Investigators, fearing that Durst was about to flee the country, arrested him hours before the broadcast on a probable cause murder warrant in New Orleans, where he had registered at a hotel under an alias.
The filmmakers had notified Lewin, a specialist in cold cases without a body, in 2013. Lewin reopened the long-dormant investigation and began interviewing dozens of witnesses, some of whom had never been questioned before. Many of Berman’s friends agree with Smith’s estimation that Berman would have never ratted out Durst to the authorities. But that doesn’t mean that Berman was above dropping hints to certain friends, especially if it enhanced her reputation as someone in the know. Berman, who, like Durst, compartmentalized her friends, never confided any of his secrets to Smith. But Lewin did find a dozen people with whom Berman discussed Durst’s role in Kathie’s death and her role in the cover-up.
Kaufman, for example, testified that Berman told him that Durst killed his wife. Actress Newman testified that Berman told her that she provided an “alibi” for Durst, who had “something to do” with Kathie’s disappearance. Suzanne “Bede” Roberts said Berman told her that she did something “major” to help Durst evade arrest for Kathie’s death. Shortly before Berman’s death, Alfred Clethen and Danny Goldberg testified separately that she told them that she was expecting Durst to visit her in Los Angeles around the holidays.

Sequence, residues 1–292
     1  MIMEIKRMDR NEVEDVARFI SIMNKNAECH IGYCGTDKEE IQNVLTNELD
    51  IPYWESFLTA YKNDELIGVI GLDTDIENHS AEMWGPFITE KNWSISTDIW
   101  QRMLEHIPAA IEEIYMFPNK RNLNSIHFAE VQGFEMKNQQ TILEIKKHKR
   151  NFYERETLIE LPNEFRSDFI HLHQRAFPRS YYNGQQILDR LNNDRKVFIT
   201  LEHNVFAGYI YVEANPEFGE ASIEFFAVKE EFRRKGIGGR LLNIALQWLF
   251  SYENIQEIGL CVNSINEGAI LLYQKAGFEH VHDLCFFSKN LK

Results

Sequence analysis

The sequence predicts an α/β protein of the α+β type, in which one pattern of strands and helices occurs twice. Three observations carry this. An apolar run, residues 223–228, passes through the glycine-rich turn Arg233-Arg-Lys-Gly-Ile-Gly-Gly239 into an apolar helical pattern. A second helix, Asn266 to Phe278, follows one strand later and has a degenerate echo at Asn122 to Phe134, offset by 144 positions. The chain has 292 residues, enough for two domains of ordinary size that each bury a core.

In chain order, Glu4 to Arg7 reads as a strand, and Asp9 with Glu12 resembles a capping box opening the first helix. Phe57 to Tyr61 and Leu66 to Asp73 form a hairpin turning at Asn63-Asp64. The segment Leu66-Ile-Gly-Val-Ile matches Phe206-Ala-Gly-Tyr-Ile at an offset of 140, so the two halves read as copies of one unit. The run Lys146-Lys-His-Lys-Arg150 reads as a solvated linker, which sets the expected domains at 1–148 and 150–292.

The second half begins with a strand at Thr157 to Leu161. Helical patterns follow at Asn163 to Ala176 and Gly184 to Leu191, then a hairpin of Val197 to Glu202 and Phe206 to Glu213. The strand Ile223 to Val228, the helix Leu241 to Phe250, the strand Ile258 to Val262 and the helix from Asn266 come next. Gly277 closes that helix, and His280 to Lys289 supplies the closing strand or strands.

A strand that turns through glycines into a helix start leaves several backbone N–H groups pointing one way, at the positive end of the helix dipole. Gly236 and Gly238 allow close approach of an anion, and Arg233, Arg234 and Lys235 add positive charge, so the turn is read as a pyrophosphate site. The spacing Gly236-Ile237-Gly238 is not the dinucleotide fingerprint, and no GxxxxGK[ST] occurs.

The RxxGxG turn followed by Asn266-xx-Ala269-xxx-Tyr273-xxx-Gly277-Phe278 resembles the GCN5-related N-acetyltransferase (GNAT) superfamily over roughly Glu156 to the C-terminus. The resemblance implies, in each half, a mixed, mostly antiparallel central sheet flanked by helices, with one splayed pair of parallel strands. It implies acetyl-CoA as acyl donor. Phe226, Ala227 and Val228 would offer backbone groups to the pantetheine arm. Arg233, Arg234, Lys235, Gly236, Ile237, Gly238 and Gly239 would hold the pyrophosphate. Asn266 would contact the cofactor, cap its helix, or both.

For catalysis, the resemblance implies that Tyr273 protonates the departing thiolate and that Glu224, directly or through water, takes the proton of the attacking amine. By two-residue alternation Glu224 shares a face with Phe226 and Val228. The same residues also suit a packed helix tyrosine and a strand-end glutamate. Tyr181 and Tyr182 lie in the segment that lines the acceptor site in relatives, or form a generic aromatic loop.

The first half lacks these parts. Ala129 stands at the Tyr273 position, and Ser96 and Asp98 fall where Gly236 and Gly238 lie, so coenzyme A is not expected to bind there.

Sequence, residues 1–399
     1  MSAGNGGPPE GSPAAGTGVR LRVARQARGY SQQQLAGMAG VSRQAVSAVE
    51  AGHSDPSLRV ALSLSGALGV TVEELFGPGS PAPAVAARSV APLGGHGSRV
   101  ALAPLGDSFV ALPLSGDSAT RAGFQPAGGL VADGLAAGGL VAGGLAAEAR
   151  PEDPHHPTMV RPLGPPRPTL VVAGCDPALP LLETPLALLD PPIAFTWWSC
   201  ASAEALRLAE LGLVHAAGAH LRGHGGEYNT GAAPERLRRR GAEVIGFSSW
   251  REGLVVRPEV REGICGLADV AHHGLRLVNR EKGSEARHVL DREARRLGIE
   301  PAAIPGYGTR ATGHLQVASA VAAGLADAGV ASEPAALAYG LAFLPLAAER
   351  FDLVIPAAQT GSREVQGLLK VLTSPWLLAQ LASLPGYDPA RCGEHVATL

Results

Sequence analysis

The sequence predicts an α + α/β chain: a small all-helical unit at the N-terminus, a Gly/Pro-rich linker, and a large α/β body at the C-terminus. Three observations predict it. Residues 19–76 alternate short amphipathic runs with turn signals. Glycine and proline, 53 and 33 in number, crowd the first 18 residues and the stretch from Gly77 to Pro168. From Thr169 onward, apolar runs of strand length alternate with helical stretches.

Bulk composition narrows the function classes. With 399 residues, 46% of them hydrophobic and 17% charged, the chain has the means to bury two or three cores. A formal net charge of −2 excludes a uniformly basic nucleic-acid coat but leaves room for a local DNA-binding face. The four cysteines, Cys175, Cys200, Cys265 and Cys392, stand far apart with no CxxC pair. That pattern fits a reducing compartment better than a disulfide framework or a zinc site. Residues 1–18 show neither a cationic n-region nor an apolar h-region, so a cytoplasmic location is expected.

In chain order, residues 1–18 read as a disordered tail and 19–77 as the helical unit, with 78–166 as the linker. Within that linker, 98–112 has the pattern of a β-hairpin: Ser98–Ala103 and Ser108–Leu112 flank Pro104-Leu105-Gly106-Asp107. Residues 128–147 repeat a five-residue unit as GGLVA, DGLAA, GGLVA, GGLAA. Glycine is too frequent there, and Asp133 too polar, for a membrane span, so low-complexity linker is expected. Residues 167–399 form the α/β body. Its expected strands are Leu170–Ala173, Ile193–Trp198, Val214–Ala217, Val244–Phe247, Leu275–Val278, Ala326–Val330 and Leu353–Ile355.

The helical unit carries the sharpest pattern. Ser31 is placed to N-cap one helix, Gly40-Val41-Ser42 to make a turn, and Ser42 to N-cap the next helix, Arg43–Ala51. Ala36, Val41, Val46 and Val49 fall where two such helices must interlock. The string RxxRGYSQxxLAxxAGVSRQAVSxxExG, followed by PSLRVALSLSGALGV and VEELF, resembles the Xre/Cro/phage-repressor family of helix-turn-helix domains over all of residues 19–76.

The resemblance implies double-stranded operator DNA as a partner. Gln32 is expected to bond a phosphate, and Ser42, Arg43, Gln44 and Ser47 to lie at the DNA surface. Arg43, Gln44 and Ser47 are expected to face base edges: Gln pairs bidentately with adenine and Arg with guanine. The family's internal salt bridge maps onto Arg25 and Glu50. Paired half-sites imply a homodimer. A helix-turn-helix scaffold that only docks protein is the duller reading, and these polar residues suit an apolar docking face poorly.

Under intense questioning by Lewin at a 2017 hearing, Emily Altman, who with her husband, Stewart, was close to Durst, said in court that Durst had told her he was staying at the Beverly Hilton, less than three miles from Berman’s home, at the time of her death.